This book is a classic. A collection of short stories by the poet Gary Soto, it shows how small daily events in our lives can have a much larger meaning. Based on his own experiences as a child in the Central Valley, this is a quiet, insightful book that tells the stories of eleven Latino children growing up in Fresno. It’s a lovely book that any child can relate to.— Flannery
Mexican-American author Gary Soto draws on his own experience in this heartfelt, award-winning short-story collection that explores Latinx identity.
From crooked teeth, ponytailed girls, and embarrassing grandfathers to annoying brothers, Little League tryouts, and karate lessons, Soto writes about everyday life with humor and empathy. With a glossary of Spanish terms included, this moving collection--an ALA Best Book for Young Adults, Booklist Editors’ Choice, and Horn Book Fanfare Selection--expresses the universal truths of growing up.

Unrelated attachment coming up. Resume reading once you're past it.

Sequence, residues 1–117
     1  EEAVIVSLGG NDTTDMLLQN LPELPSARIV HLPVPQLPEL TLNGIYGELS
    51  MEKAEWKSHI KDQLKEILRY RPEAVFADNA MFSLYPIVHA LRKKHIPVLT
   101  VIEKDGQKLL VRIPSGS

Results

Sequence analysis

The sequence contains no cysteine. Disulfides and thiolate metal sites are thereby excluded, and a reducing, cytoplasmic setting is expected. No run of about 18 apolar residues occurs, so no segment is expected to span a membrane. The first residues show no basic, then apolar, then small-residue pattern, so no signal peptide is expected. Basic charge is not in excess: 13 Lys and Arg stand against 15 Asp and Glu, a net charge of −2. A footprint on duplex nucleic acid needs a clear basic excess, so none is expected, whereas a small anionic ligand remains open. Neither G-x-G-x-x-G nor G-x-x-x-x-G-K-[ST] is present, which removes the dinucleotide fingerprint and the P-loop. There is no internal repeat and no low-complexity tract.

Gary Soto's first book for young readers, Baseball in April and Other Stories, won the California Library Association's Beatty Award and was named an ALA Best Book for Young Adults. He has since published many novels, short stories, plays, and poetry collections for adults and young people. He lives in Berkeley, California. Visit his website at www.garysoto.com.
"Gary Soto is an astute observer of the desires, fears, and foibles of children and teenagers going about the business of daily living. In these eleven vignettes featuring Mexican American families, the character portrayals are gentle; the tone is quiet and somewhat bittersweet; and respect for family is a consistent value. This illumination of the everyday will strike chords of recognition in readers of all ages." -- The Horn Book
"[Soto's] sensitivity to young people's concerns and his ability to portray the world as it is perceived by children is nothing less than remarkable." — Los Angeles Times Book Review
"A fine collection of stories that offers a different cultural perspective about feelings common to all teenagers. Soto writes well and with tremendous insight into the process of growing up." — The Boston Globe